In San Thomé, Keymis — who must have known that by attacking the Spanish town he had breached the principal condition of Raleigh's deal with James I — was falling apart, too. Only a few Spanish had died in the skirmish. Most had fled, and Keymis was fearful they would return upriver with reinforcements. Moreover, of course, he had no precise idea where the mine might be. Did he even believe there was one?
Keymis dithered and stalled, losing all respect from those who served under him. Eventually, three small craft were sent upriver from San Thomé. Some reports said the men in this new expedition went as far as 300 miles into the interior. They took enough food for four days but were gone three weeks, finding no information about the location of either a new mine or an existing one.
They returned to San Thomé and found it subject to increasingly successful guerrilla raids. After 29 days of occupation, the English left the town, and the Spanish burned it to the ground.
The remnants of Keymis' party met with Raleigh on the coast on March 2. Keymis begged Raleigh's forgiveness. "Seeing my son was lost, I cared not," Raleigh told him. "[He] had undone me by his obstinacy, and I would not favour or colour in any sort his former folly."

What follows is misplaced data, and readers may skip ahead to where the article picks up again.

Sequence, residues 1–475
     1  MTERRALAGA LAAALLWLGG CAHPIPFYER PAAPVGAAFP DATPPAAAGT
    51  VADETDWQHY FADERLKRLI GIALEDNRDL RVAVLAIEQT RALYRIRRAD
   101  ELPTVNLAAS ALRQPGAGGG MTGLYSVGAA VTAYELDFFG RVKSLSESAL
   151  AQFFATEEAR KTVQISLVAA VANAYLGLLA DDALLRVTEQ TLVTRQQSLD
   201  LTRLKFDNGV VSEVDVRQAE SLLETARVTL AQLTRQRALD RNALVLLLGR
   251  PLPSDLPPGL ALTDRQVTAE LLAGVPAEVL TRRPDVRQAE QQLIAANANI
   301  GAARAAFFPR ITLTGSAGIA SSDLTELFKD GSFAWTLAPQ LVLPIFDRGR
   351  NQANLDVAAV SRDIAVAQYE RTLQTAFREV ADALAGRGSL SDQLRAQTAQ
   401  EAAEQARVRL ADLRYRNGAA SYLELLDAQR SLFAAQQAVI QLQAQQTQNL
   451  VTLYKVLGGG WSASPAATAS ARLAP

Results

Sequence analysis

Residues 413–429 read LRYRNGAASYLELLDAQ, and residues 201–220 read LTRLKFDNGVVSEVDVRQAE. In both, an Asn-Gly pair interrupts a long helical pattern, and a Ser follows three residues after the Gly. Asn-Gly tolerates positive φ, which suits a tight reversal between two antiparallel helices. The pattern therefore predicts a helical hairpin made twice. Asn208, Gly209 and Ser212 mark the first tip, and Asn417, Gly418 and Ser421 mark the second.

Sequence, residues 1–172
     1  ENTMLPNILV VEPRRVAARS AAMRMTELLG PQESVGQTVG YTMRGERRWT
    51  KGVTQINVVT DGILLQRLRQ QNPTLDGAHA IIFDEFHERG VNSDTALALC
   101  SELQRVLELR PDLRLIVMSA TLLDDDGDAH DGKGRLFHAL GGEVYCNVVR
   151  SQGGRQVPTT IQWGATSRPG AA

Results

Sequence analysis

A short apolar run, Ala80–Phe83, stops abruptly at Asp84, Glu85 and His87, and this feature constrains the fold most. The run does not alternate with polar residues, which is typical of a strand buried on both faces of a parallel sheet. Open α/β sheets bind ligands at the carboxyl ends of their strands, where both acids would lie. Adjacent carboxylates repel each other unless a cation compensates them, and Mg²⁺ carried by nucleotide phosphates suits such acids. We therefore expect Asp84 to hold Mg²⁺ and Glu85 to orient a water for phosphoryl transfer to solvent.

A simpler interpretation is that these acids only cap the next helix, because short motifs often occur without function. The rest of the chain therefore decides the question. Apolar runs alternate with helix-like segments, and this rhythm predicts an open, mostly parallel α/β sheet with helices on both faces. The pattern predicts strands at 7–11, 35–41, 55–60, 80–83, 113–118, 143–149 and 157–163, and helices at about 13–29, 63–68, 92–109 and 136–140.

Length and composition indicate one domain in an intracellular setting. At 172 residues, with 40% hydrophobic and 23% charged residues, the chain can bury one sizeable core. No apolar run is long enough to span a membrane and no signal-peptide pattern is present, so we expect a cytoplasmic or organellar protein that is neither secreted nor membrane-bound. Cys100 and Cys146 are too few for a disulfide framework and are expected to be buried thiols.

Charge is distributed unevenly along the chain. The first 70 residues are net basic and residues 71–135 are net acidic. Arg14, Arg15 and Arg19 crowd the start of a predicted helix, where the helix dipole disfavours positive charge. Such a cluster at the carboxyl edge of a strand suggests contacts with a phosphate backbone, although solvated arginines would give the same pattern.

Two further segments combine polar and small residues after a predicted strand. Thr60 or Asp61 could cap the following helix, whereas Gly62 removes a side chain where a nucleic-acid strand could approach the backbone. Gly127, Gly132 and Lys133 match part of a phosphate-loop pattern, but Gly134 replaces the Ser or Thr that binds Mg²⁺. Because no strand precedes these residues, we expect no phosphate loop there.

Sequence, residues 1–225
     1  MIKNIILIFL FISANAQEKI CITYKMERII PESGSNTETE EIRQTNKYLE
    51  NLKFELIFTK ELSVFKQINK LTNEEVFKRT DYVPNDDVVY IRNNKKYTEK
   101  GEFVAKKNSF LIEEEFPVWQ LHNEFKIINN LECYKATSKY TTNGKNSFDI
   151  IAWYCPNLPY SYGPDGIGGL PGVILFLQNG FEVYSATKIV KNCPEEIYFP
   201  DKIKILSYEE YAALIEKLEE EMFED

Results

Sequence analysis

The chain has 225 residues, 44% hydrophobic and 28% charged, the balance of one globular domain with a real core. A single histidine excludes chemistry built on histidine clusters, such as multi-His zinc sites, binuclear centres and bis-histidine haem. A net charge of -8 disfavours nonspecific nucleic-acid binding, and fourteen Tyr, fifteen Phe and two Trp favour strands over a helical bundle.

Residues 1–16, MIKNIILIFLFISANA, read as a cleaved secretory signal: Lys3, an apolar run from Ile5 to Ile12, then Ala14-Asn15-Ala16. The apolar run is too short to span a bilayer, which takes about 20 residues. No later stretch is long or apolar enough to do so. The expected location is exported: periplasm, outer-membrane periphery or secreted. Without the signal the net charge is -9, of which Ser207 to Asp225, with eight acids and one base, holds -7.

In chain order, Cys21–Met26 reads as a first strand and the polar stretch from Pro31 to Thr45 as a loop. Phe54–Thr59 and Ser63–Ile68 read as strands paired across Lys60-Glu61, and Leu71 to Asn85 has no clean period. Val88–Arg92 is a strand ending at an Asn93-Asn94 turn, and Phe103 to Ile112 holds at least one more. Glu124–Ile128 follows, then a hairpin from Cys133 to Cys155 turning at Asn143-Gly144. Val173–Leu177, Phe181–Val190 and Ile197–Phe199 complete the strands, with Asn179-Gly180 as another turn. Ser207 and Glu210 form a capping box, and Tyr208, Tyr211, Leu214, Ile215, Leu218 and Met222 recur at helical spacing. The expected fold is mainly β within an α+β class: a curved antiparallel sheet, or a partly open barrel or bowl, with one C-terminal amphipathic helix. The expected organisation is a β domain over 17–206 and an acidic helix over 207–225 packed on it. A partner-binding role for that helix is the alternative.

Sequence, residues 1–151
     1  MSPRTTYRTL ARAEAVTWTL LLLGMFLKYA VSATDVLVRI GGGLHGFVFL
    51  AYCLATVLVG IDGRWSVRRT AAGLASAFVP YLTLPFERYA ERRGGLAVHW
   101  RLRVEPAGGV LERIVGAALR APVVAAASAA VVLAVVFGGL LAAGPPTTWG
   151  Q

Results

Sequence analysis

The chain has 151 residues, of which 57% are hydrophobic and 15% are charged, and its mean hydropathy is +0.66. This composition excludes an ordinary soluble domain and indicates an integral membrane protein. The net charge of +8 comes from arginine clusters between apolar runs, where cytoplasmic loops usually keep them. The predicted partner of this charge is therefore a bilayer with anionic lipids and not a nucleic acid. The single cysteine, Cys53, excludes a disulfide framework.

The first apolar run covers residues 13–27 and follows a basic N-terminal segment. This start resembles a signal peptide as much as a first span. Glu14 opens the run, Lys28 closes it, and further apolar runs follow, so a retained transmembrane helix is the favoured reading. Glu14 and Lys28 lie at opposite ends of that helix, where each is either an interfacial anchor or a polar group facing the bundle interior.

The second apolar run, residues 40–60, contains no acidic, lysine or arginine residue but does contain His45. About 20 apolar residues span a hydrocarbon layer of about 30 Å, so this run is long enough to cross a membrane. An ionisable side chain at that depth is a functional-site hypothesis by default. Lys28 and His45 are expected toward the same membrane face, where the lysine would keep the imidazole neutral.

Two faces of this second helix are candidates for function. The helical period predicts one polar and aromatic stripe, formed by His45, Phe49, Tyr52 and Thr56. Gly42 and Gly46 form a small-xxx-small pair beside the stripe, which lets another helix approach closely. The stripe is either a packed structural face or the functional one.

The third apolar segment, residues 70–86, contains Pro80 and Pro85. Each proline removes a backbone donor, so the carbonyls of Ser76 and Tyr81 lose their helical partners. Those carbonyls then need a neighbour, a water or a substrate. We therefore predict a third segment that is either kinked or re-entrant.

Keymis returned to his cabin and drove a knife through his own heart. After he returned to England in his remaining ships, Raleigh was imprisoned and executed in November of the same year. James I used the breach of his promise to keep peace with the Spanish as an excuse to revive the treason charge. Raleigh died for many reasons; the failure of his search for gold was only the last of them.
What then, are we to make of that search, which cost Raleigh so much? There seems little doubt that his initial faith in the existence of El Dorado was real enough. But what about after he decided to turn back in June 1585? That is the point, after all, when talk of a mine first appeared as Raleigh and his men raced downriver. Was he deluding himself as well as those around him? Was his inability to reach El Dorado — the vastness of that humiliation — simply too great to countenance?
We don't know. We are still, in a sense, in the grip of Raleigh's imagination even now, absorbed in the epic scale of his failure after 400 years, asking ourselves the same questions his contemporaries asked, about the intensity of Raleigh's obsession and the integrity of his dream.
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This article was adapted from a previous version published in All About History magazine, a Future Ltd. publication.